Code in JavaScript the smart, modular way

Are you a JavaScript hack or a real developer? Use this quick start guide to learn to write modularized JavaScript code

As I enjoy my extended hiatus (actually, I'm working around the clock on a project) my substitute this week is again Jonathan Freeman, an experienced JavaScript developer at my company, Open Software Integrators. I've heard from many of you who appreciate his clear, valuable JavaScript advice. Here's another installment I hope you will find useful. -- Andrew Oliver

Some people still seem surprised that JavaScript is regarded as a respectable, grown-up programming language for serious applications. In fact, JavaScript development has been maturing nicely for years, with the best practices for modular development as a prime example.

The benefits of writing modular code are well documented: greater maintainability, avoiding monolithic files, and decoupling code into units that can be tested properly. For those of you who'd like to get caught up quickly, here are the common practices employed by modern JavaScript developers to write modularized code.

[ Also by Jonathan Freeman: Your quick guide to better JavaScript testing | JavaScript rules the Web -- but how do you harness its power? Find out in InfoWorld's special report, "The triumph of JavaScript." | Keep up with the latest developer news with InfoWorld's Developer World newsletter. ]

Module pattern

Let's start with a basic design pattern called the module pattern. As you might suspect, this enables us to write code in a modular way, allowing us to protect the execution context of given modules and to expose globally only what we want to expose.The pattern looks something like:

(function(){

//'private' variable

var orderId = 123;

// expose methods and variables by attaching them

// to the global object

window.orderModule = {

getOrderId: function(){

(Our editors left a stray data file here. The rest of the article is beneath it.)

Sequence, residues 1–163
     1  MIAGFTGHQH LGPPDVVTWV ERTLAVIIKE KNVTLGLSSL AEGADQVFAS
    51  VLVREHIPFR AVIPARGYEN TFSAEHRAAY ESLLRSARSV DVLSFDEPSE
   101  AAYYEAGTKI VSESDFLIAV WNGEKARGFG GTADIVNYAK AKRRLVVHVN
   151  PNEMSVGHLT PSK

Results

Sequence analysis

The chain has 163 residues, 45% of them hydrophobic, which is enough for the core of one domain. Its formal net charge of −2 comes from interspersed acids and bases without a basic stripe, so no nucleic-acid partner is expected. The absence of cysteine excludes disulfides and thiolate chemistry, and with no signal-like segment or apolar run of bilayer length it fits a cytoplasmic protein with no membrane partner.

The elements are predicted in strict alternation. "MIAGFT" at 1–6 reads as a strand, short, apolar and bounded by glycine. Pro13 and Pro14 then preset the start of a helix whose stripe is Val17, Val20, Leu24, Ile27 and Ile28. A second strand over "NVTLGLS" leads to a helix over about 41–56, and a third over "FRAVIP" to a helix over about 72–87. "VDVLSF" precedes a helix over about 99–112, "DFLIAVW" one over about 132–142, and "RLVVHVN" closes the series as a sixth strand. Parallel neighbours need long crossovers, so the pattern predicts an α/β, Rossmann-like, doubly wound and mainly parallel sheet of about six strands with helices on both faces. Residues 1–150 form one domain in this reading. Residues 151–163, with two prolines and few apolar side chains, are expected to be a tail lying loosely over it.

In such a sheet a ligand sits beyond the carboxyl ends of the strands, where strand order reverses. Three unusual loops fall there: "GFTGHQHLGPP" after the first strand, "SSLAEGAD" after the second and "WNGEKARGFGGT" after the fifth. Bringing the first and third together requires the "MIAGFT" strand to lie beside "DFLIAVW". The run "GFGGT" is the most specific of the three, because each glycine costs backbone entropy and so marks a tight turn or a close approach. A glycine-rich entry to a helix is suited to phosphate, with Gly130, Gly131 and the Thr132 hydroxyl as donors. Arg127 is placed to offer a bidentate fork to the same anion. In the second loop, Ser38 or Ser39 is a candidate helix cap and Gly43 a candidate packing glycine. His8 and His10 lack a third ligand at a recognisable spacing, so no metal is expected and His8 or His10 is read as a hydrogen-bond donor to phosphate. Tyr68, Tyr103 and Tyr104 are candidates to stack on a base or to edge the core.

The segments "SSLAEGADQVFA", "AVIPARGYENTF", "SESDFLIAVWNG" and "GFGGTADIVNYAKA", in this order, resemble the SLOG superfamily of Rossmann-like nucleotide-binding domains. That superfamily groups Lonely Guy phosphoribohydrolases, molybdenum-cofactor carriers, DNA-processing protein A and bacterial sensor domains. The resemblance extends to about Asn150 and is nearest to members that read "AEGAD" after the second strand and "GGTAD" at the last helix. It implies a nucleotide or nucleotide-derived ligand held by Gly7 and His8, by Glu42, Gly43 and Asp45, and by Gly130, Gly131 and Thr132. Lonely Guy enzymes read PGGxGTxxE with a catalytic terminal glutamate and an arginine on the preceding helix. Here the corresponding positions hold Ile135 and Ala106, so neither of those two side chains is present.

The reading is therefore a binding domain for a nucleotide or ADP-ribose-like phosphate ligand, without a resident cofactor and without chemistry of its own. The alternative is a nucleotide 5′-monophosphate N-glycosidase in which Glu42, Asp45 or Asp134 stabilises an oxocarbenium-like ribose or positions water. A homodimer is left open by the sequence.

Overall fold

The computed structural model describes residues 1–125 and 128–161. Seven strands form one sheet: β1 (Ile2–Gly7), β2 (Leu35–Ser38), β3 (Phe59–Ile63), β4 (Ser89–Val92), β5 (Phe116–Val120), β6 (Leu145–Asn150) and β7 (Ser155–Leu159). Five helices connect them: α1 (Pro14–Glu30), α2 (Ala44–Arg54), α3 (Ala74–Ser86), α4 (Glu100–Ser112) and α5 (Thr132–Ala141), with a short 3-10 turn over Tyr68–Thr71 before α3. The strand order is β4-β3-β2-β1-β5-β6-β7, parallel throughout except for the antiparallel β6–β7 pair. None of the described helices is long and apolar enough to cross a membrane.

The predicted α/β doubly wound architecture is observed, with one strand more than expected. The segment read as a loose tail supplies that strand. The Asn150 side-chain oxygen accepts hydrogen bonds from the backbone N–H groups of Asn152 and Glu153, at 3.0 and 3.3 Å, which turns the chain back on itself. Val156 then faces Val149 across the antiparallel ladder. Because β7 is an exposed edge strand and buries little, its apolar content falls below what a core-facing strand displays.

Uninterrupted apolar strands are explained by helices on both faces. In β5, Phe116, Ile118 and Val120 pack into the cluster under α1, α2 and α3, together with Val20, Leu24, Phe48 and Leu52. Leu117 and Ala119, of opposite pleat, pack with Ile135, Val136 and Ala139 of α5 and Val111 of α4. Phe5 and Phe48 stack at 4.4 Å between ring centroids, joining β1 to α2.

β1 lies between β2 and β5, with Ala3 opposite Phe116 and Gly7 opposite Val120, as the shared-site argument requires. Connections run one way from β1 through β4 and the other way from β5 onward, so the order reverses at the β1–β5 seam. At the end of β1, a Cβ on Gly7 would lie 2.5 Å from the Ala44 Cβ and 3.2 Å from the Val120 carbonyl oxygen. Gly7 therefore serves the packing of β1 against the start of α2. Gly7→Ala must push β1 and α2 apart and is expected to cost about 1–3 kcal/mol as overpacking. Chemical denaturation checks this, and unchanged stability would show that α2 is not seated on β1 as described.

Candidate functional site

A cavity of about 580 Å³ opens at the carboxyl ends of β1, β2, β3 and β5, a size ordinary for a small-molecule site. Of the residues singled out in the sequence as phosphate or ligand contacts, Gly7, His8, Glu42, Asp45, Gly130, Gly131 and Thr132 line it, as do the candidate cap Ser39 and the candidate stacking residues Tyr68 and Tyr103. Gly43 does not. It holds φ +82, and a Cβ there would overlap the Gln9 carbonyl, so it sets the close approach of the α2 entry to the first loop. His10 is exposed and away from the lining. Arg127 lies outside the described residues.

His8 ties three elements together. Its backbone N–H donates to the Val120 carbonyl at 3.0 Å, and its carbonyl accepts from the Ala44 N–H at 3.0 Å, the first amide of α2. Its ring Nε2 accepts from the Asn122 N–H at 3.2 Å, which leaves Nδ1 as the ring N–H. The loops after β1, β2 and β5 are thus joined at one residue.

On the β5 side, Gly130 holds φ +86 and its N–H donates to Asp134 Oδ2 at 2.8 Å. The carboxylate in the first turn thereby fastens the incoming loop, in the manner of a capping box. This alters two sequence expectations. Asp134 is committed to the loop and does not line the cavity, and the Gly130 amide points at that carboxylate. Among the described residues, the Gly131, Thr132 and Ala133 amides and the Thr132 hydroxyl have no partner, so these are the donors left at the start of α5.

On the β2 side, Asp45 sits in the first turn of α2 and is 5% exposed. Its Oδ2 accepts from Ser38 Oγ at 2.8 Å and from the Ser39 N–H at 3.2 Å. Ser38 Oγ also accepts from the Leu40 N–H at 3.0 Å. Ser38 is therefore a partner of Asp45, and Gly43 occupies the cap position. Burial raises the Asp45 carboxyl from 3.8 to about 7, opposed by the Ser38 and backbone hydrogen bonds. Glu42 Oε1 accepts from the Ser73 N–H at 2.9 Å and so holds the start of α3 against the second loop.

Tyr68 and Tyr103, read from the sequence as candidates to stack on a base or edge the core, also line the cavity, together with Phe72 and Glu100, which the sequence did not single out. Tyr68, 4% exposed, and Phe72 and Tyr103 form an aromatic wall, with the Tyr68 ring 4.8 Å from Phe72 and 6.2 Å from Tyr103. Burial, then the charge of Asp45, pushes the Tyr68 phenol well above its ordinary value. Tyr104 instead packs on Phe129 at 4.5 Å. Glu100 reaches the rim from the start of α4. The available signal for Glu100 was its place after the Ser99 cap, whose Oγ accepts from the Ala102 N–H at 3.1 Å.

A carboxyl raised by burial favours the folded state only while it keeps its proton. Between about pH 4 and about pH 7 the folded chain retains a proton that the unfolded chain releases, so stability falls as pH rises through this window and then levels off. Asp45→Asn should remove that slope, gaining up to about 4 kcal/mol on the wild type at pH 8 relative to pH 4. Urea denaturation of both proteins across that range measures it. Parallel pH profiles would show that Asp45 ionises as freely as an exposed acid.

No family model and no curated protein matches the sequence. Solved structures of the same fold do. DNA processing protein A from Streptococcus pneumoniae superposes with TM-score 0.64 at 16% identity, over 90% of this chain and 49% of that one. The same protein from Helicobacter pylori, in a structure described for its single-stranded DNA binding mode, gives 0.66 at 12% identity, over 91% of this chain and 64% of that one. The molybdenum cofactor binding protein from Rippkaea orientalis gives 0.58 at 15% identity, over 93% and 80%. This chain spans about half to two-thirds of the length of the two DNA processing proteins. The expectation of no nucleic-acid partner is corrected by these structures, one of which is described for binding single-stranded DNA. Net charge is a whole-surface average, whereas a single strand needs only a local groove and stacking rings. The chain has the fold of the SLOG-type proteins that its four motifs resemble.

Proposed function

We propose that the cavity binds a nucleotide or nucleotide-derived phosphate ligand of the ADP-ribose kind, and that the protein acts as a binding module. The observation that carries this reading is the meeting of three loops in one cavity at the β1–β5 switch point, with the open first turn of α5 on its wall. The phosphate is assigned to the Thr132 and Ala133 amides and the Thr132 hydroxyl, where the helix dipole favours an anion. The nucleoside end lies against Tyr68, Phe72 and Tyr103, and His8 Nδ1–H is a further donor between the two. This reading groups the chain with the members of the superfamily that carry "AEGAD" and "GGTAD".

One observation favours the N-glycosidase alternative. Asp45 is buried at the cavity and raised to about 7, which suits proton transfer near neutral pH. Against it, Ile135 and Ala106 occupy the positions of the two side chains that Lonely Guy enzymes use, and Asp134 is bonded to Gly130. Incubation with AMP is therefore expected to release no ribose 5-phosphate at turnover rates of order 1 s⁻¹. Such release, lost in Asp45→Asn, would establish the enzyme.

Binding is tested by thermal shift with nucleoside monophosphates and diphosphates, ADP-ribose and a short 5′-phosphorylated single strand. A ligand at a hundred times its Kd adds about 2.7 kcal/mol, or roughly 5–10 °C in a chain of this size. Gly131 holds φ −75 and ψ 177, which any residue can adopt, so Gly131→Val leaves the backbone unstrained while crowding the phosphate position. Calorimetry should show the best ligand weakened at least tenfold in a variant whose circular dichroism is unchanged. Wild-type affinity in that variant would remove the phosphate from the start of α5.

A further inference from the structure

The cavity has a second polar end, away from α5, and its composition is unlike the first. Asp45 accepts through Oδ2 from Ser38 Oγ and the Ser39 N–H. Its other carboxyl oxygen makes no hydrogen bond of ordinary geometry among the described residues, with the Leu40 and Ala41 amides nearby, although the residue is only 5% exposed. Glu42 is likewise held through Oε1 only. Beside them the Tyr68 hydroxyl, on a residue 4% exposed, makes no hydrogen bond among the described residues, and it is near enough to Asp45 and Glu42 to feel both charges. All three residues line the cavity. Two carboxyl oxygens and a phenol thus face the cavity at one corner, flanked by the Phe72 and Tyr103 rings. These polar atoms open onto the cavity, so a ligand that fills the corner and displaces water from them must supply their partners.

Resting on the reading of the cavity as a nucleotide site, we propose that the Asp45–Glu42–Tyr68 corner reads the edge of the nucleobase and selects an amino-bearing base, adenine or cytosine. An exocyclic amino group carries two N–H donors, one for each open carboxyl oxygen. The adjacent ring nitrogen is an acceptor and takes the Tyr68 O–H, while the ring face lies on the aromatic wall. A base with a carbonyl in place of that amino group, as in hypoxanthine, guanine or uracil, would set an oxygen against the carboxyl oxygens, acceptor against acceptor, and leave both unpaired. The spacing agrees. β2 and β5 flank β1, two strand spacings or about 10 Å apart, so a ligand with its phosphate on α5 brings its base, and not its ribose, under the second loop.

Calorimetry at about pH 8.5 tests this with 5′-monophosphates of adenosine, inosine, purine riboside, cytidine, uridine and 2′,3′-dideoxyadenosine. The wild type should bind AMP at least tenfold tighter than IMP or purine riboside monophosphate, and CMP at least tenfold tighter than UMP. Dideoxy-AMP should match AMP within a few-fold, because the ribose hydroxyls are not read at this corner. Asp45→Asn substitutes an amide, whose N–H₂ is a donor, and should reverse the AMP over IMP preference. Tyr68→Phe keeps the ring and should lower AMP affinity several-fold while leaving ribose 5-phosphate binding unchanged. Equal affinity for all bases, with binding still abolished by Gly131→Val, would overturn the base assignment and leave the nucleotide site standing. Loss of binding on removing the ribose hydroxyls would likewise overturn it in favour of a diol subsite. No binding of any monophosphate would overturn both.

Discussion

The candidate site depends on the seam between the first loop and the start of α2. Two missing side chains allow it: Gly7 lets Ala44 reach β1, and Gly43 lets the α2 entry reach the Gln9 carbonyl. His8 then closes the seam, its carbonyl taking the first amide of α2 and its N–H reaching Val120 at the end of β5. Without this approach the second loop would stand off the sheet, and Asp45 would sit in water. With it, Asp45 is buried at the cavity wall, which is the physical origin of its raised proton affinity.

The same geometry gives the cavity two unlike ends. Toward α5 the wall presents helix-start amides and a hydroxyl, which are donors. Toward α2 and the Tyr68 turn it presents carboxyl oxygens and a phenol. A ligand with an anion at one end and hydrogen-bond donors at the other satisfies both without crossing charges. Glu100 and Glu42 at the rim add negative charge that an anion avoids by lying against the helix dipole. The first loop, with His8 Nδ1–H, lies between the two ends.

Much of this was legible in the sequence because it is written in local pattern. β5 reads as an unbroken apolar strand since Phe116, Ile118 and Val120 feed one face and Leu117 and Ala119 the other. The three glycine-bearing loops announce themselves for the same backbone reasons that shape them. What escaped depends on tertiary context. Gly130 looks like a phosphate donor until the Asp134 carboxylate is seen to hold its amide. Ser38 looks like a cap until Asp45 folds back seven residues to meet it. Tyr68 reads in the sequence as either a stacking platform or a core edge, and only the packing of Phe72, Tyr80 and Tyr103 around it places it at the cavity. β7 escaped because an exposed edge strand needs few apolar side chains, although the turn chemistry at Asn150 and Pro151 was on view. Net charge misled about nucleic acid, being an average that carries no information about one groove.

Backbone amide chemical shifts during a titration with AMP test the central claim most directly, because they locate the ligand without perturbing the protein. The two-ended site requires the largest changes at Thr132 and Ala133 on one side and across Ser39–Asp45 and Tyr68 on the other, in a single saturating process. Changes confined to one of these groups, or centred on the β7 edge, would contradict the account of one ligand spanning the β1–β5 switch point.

//brought to you by closures

return orderId;

}

};

})()

An anonymous function expression, acting as a factory in this case, is written and called immediately. For speed, you can explicitly pass in variables to the function call, effectively rebinding those variables to a local scope. You'll also see this sometimes as a defensive maneuver in libraries supporting old browsers where certain values (such as undefined) are writeable properties.

(function(global, undefined){

// code here can access the global object quickly,

// and 'undefined' is sure to be 'undefined'

// NOTE: In modern browsers 'undefined' isn't writeable,

// but it's worth keeping it in mind

// when writing code for old browsers.

})(this)

This is just a design pattern. With this technique, to write modular JavaScript, you don't need to include extra libraries. The lack of dependencies is a big plus (or mission critical) in some settings, particularly if you're writing a library. You'll see that most of the popular libraries will use this pattern to encapsulate internal functions and variables, exposing only what's necessary.

If you're writing an application, however, there are a few downsides to this approach. Let's say you create a module that sets a few methods on window.orders. If you want to use those methods in other parts of your application, you need to make sure the module is included before you call them. Then, in the code where you're calling window.orders.getOrderId, you write the code and hope the other script has loaded.

This may not seem like the end of the world, but it can quickly spiral out of control on complicated projects -- and managing script inclusion order gets to be a pain. Also, all of your files have to be synchronously loaded, or you'll invite race conditions in to break your code. If only there was a way to explicitly declare the modules you wanted to use for a given bit of code....

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